Shark Fin Free

Toronto is really two for two when it comes to the municipal bans these days.

First, Toronto City Council unanimously bans the sale of dogs and cats in pet stores.

And now, by a vote of 38-4, they have made Toronto the latest shark fin free city in Canada (well, as of September 1, 2012, when the ban takes effect).

“A group gathers outside Toronto City Hall on Tuesday ahead of a council vote on a proposed ban on the trade of shark fins.” (Anu Singh/CBC)

Sure, this topic may seem a little out of place at the Soapbox.  But just watch; we’ll come full circle.

I don’t know if you’ve seen the documentary Sharkwater (and if you haven’t, drop everything and get to it), but the whole reason a shark fin ban is a good idea is because upwards of 70 million sharks are estimated to be killed annually for their fins.  And it’s not pretty – the fins are often removed and the sharks are returned to the water alive, finless.  Not to mention the countless other sea creatures that fall victim to the longlines in the process.  It’s a senseless practice, all in the name of shark fin soup.

And how is this cruel form of over-fishing accepted?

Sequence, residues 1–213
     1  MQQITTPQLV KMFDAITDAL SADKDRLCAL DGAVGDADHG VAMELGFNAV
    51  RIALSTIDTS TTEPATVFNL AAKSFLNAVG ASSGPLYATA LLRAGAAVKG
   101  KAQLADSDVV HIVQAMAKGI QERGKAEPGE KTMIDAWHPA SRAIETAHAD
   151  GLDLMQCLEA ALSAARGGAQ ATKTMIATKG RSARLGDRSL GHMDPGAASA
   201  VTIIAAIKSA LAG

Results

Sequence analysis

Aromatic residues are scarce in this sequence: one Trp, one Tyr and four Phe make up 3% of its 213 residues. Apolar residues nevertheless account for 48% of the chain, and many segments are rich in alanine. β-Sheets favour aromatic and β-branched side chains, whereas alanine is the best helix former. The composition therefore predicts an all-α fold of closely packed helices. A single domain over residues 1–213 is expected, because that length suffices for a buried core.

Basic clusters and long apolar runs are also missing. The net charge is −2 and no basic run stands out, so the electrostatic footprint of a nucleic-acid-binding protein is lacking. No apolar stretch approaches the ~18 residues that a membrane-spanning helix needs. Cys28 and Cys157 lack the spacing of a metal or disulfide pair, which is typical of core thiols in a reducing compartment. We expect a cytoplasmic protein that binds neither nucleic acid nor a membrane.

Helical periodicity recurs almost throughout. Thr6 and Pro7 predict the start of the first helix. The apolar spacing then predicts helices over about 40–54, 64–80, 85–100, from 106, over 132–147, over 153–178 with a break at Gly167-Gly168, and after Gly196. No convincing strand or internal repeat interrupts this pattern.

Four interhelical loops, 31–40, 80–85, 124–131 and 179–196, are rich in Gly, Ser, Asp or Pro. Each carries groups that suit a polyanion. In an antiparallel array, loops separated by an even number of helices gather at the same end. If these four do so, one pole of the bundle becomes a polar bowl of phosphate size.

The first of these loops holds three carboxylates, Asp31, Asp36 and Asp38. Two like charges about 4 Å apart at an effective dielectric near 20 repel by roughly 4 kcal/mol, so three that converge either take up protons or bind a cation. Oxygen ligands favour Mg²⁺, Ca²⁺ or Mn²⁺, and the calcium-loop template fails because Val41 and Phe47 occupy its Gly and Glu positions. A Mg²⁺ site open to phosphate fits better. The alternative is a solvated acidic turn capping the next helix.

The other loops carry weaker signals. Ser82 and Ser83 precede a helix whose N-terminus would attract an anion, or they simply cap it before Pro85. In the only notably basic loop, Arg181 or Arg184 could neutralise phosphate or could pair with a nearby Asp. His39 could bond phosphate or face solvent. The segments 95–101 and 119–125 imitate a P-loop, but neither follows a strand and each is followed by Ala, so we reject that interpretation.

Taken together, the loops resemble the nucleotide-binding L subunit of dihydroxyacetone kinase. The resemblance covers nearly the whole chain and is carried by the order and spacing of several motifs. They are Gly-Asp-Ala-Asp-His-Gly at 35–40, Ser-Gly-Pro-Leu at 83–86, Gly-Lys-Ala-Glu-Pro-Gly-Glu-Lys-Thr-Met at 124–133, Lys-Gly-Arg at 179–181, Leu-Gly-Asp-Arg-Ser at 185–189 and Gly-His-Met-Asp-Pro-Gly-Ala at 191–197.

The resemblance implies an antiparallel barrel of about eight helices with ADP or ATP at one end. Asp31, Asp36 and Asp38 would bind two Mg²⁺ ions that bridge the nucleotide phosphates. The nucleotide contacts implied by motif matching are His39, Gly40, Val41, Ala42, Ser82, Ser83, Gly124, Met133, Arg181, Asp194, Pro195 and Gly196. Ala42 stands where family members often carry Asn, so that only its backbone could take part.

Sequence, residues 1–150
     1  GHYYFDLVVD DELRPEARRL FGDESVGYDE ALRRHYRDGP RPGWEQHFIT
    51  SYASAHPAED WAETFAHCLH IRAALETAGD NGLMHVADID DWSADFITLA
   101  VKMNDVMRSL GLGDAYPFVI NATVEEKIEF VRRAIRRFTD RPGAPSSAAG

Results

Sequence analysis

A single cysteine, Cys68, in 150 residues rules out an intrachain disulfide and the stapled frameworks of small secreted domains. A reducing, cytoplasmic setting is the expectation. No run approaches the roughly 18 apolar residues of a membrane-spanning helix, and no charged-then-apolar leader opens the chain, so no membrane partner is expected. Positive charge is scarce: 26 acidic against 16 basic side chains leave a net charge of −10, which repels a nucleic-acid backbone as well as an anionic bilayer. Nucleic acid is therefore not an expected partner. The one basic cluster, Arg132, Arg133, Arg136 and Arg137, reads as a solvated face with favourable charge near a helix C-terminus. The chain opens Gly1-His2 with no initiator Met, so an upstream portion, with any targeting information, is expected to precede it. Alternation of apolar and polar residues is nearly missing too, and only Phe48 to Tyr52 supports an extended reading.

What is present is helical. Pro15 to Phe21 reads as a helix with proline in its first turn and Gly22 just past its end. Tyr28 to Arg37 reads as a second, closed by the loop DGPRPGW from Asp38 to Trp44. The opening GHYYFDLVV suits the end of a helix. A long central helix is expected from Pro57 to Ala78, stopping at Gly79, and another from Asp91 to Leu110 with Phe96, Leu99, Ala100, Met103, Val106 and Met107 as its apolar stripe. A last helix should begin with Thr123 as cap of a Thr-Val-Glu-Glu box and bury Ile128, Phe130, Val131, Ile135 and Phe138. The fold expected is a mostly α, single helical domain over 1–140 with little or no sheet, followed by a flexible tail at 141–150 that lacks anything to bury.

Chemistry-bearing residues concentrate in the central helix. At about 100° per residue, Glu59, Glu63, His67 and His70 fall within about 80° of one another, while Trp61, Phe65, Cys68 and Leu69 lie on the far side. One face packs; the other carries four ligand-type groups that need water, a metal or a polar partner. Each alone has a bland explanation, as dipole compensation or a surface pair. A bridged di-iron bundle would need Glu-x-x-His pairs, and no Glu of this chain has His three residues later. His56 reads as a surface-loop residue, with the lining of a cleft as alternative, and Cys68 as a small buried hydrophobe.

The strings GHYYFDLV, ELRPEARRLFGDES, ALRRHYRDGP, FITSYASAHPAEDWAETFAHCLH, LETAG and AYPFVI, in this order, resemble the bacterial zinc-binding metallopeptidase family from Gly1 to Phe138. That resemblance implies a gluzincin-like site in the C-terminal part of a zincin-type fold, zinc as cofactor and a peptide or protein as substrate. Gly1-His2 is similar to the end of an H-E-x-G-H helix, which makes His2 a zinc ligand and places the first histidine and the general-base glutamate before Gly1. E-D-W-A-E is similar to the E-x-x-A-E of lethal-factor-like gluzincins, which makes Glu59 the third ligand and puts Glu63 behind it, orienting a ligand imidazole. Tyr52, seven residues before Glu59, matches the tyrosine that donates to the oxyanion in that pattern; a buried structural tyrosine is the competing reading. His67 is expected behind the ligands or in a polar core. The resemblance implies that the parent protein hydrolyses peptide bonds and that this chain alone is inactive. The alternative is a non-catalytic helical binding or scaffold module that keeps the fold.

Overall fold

Because sharks are basically the aquatic version of the bully breed.  Who cares what harm may be done to these man-eating monsters?

Rob Stewart free diving with Caribbean reef sharks. Freeport Bahamas. Photo: Veruschka Matchett (sharkwater.com)

The film Sharkwater is an excellent counter to the blood-thirsty shark stereotype, and very akin to the way pitbull advocates combat their own misconceptions and BSL issues, Canadian Rob Stewart is trying to bring a little reality and perspective to popular opinion of sharks.

I mean, did you know you are more likely to get struck by lightning or killed in a sand hole collapse than killed by a shark?  264 million people enter the water in the United States each year – and only 23 people had unfavourable shark encounters in 2000 (and they all survived to tell the tale).

And I’d also like to say that personally, as a diver, the prospect of seeing a shark on a dive is awesome and exciting.  And I’d like them to have all of their fins, thank you.

Yours truly.

Here’s hoping more Canadian cities follow Toronto’s lead when it comes to both recent bans.

Though, I suppose there’s a little irony in that several cities – in the one province in Canada with a pitbull ban – have the backs (dorsals?) of another misunderstood creature.  BSL repeal, please.

In the meantime, be careful not to patronize any restaurants serving shark fin soup, and check for a shark fin free campaign in your area.

Information on Shark Fin Free Calgary can be found here – be sure to sign the petition!